(Note the rounded contours along where the top strap meets the side of the frame.  The rear sights also show that the sharp edges have been rounded off)

As seen in the third photo (above) the standard slide serrations have been replaced with an attractive fish scale or snake skin pattern.  This unusual pattern has also been adapted for the back strap:

The front strap

And Top Strap

Also atop the slide are a set of Meprolight night sights.  Although nicely rounded the rear sight does sport the cocking shelf (see third photo from the top) that Kimber first began putting on their now discontinued SIS model.

Checking under the hood found a match-grade 4 inch bushingless barrel hand-fitted to the slide.  The traditional "Commander length" pistol has a barrel of 4.25 inch to which I say "why"?  I have no idea of Colt's reasoning when they decided to make a smaller, easier to carry 1911, and determined the correct way to do it was to lop 3/4 of an inch off the barrel of their 5 inch barreled 1911 Government model.  I have always wondered why not just take an inch off and make it that much more easier to conceal and carry.  Regardless, Kimber has remedied my concern by putting a 4 inch barrel on their "Commander Length" Pro Series pistols. Also looking under the hood revealed my one and only complaint; the full length guide rod.  There is no evidence around that indicates that a full length guide rod provides greater reliability or accuracy.  There is however, plenty of anecdotal evidence that indicates that the full length guide rod makes it more difficult to take apart.

Time for Targets

If you like to shoot one ragged holes in your targets a quality 1911 like the Kimber Super Carry is the answer to your desires.

This is the first 5 rounds fired through the Super Carry. The load is MagTech 230 grain ball ammo fired at 21 feet:

Next I loaded up two magazines and let 16 rounds fly at the same distance:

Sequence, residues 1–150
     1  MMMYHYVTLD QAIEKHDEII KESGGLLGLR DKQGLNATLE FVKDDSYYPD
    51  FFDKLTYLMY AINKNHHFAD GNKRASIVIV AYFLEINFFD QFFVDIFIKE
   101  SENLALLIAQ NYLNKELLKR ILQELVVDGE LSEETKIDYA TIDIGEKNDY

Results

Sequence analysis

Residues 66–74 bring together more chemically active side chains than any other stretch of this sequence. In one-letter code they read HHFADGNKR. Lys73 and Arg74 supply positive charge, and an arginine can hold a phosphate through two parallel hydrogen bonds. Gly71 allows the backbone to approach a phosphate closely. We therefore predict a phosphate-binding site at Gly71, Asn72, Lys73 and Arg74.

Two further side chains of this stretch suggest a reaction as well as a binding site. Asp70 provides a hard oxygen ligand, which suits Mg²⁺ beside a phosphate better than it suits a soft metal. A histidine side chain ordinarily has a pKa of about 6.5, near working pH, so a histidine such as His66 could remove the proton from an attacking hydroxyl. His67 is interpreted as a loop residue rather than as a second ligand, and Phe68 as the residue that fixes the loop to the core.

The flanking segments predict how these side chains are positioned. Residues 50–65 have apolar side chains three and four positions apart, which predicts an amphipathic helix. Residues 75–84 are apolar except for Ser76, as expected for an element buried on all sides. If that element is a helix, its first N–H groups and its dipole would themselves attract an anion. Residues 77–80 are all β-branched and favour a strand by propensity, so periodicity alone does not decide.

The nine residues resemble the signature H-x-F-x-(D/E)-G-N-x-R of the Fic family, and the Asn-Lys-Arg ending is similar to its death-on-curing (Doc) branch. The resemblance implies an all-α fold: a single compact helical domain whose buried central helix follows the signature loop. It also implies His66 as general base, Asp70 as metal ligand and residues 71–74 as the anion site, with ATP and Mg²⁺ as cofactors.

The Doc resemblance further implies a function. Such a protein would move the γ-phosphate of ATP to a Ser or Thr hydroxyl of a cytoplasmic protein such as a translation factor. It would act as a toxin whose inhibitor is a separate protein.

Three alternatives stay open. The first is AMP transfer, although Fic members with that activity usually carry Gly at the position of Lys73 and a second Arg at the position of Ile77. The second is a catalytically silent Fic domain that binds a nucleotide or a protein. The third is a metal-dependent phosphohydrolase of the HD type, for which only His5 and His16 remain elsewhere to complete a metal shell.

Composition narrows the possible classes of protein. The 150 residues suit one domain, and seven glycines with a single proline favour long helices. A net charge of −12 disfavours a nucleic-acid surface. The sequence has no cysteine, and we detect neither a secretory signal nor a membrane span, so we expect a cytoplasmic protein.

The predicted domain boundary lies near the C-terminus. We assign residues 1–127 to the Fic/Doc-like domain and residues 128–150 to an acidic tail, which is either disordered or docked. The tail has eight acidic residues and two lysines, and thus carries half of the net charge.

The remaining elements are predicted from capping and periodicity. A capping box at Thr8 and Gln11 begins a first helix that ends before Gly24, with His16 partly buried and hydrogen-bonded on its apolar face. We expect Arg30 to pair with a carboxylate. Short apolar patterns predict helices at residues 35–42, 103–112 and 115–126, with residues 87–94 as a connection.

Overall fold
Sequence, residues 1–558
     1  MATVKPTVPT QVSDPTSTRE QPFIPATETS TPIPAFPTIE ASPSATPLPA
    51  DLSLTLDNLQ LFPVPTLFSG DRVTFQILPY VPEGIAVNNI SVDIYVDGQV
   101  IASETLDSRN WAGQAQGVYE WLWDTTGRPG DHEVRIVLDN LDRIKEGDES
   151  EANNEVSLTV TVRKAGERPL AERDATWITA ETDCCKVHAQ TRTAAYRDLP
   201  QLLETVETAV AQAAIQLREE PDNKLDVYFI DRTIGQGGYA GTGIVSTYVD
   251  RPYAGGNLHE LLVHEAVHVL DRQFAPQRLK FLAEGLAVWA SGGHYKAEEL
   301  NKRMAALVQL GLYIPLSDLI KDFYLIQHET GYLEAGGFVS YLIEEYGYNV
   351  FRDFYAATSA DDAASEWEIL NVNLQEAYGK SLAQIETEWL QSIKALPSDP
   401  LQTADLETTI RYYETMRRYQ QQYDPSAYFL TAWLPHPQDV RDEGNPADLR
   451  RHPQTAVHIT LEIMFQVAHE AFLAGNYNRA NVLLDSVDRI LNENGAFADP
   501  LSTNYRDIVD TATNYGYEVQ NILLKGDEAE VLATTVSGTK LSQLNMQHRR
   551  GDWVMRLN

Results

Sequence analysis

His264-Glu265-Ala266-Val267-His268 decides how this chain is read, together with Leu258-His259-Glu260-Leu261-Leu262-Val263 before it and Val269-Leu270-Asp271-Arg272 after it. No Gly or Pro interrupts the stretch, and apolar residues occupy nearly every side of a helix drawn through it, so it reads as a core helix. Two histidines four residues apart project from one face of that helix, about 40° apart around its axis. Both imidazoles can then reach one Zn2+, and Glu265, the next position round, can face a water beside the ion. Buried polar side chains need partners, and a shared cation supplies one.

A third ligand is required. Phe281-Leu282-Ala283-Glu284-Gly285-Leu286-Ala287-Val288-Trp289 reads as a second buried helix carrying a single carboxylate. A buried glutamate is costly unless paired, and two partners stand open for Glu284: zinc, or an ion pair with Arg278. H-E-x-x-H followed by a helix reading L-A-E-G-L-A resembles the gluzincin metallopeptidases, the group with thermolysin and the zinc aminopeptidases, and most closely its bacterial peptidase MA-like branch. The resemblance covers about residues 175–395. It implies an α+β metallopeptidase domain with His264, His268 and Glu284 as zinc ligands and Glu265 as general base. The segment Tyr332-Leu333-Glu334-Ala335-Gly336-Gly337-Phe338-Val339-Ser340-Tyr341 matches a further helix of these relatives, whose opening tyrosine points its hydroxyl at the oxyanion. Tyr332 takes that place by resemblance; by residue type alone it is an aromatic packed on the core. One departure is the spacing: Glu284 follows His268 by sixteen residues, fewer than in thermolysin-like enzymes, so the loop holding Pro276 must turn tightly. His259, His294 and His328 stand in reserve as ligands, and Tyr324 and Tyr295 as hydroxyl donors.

I only had one brand of defensive ammo with me that day and it was a good one: Hornady TAP 230 grain +P JHP ammo and it was so much fun I parted with a full box of 25 rounds

Not having an extended time to spend with the Super Carry I wanted to move straight out to 25 yards and see how I fared with it.  I am not a good shot beyond 45 feet so 75 is always a stretch.

So here's 25 rounds of MagTech ammo at 75 feet:

And another 75 foot target shot at with 33 rounds:

The pistol is competition capable, the shooter (me) is not.  However man sized targets would be in danger.

Every shooter ought to have a really nice 1911 in their battery.  The Kimber Super Carry (which will set you back anywhere from $1,200 to $1,500 bucks) is about as nice as you can get without going to the boutique production houses and paying a minimum of $2,200 to $3,000 for a similar pistol.  I wish that you all would find a really nice 1911 in your Christmas stocking this year.


Farman said...

Great article and advice. I am going to go to my local buscuit store and pick up the Super Carry Pro I have on lay away for my lady's Christmas present. She is a Texan and really wanted her Kimber! My Uncle has the same Kimber and loves it! Some of the reviews I have read were like you said (negative) but after reading this I feel confident in getting this Kimber! Thanks!

Anonymous said...

The rounded mainspring is a cool idea. 700 recommended breakin seems a little bizarre as a recommendation even if its not needed. Kahrs are tight and they only recommend 4 boxes. Kimber ought to back off their tolerances a ten thousandths of an inch which might also lower the price a couple hunderd plus reduce the recommended breakin to 7 boxes. Still a really nice looking 1911 with a lot of custom features for half or less the custom price. I'll put one on my list but for now my next .45 acp is most likely a Sig P220 Equinox.

Anonymous said...